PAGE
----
I’ve come to find the monster
Author: Eliza Granville
Publisher: Penguin Books
„I remember Greet telling me how proper stories change with the wind and the tide and the moon, and add: ‘It’s like a fairy tale, shifting around a little as time passes.’”
Fairy tales come to life and substitute in most part the harshness of life’s tragedies. Written as if walking through a dream which you are unable to make much sense of until you awake, Gretel and the Dark is a gripping story of a young girl’s survival in a concentration camp during the Second World War.
I am glad to see more and more authors writing exceptional novels from their first try and Eliza Granville who pens this novel, makes no exception. The way she weaves Krysta’s life story with that of her imagined self in the form of Lilie, leaves the reader feeling as if walking through a dark forest in which light is scarce and many fairy tale characters show up to substitute the real villains of the world.
The way in which the author leans on the dark magic of the Brothers Grimm’s stories to emphasize the cruelty of Nazis or just to turn the ordinary of everyday life into something extraordinary, is truly brilliant because all of the naughtiness that accompanies such tales fits well as a mirror for the main character’s mischief.
Throughout the book you don’t know if you should feel sad or a bit happy that Krysta’s misbehavior is finally corrected through harsh discipline since she’s the embodiment of a life-size doll that is hell-bent in doing the exact opposite of what she is told.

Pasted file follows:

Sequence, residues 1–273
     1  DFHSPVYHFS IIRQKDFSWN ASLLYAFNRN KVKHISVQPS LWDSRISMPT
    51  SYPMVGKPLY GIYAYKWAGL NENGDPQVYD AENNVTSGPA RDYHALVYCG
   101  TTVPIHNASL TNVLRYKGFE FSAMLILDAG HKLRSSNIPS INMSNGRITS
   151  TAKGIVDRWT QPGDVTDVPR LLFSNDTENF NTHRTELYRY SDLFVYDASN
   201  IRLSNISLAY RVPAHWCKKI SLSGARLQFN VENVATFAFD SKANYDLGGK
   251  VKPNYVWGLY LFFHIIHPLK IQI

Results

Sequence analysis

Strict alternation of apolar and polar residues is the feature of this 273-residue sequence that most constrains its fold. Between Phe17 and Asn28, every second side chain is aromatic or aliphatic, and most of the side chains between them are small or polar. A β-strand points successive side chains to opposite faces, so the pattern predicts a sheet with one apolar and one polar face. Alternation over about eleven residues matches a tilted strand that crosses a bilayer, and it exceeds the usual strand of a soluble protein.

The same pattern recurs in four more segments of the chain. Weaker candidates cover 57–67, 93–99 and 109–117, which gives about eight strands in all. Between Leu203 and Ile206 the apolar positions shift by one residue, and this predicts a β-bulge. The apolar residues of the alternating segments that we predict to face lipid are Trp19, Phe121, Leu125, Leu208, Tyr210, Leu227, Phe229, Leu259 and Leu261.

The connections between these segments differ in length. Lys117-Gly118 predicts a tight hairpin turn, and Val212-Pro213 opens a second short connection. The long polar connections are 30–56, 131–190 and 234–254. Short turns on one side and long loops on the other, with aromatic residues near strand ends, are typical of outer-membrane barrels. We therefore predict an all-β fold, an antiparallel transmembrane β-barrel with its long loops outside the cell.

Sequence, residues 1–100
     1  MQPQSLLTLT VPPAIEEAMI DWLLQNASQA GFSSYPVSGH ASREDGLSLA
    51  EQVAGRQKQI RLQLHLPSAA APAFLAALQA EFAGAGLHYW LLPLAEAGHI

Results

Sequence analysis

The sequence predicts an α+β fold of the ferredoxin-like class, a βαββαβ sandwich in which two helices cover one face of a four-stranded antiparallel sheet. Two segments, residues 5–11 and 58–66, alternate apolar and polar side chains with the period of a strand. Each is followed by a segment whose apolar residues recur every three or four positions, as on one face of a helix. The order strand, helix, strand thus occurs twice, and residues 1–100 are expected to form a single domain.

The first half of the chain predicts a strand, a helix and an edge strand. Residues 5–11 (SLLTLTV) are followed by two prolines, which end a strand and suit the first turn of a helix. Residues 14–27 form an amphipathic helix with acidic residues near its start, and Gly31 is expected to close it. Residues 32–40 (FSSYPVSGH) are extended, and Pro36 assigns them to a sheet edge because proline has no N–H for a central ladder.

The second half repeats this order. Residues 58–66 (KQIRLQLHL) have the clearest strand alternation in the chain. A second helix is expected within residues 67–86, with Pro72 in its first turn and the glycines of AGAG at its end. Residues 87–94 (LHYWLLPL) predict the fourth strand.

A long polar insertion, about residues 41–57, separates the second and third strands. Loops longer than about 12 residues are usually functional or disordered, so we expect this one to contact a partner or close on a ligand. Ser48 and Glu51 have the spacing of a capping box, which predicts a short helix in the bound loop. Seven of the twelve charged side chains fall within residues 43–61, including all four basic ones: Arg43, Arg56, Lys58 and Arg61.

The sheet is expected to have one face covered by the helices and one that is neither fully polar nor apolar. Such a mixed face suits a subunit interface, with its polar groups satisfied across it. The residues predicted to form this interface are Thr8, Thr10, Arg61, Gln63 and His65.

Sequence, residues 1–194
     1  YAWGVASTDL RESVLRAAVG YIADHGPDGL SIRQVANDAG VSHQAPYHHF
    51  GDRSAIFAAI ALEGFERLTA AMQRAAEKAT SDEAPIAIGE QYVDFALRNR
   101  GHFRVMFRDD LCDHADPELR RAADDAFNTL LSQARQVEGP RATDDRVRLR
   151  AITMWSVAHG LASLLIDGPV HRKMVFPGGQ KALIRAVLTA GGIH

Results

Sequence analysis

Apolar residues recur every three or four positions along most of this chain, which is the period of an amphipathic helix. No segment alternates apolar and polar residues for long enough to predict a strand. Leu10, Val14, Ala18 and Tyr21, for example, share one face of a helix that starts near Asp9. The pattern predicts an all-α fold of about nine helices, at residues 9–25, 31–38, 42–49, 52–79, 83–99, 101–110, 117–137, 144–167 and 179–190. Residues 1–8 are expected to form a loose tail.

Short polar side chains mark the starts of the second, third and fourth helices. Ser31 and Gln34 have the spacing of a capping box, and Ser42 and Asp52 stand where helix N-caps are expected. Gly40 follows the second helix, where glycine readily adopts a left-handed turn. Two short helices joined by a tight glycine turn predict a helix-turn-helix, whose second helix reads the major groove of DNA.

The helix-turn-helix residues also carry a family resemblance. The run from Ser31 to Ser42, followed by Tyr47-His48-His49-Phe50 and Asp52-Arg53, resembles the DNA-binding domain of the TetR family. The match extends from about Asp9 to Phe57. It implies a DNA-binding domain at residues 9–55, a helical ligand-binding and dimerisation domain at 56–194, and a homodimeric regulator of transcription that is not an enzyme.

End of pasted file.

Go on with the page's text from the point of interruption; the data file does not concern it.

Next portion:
The horrors of the concentration camp where she arrives after becoming an orphan are described through stories or bits and pieces of information which the reader has the freedom to complete in his or her mind with even more horrid details.
„When it comes to recalling my years in Ravensbruck, every sense is involved: ravening hunger; the sweet sick smell of burning flesh on the wind; the cries of infants muffled by desperate mothers; the ringing of my ears after being dealt a blow in passing; the taste of blood in my mouth; the ache in my calves from standing hour after hour in the pouring rain, the snow, or the harsh August sunshine; the dull flinch deep inside at what the eyes cannot avoid seeing, the pain, the loss, the – “
The story arch follows that of an inverted Cinderella tale laced with the story of Hansel and Gretel in which Krysta and Daniel play the main parts. The story of Lilie and Benjamin is used by the girl to keep Daniel alive throughout their escape from the Prince of Darkness and the concentration camp at Ravensbruck, but it doesn’t stray from the elements that make reality so unbearable, it just puts them in a new light, a romanticized one in which love and hope and lust and revenge seem to find their way and balance off each other.
I am truly unable to just pick one element from this book that has captured my attention since everything plays such an important role and it makes it difficult to judge the book as anything less than a whole.
The characters are very well written and you get to discover them chapter by chapter without coming to love or loathe them completely, the real story and the made-up one alternate in a beautiful maze that keeps you engaged in what you are reading and the fact that the action relies so much on the grim stories of the famous Brothers gives it all an original feel that doesn’t leave much space for plot holes or other things one might find lacking.
I highly recommend it for its dream / nightmare like qualities that make this book quite the page turner.
The construction of the story that always keeps you guessing about what will happen next.
Lovers of dark fairy tales, those who want to read a different kind of Holocaust story or those who just want to find reality beneath the layers of dark imagination.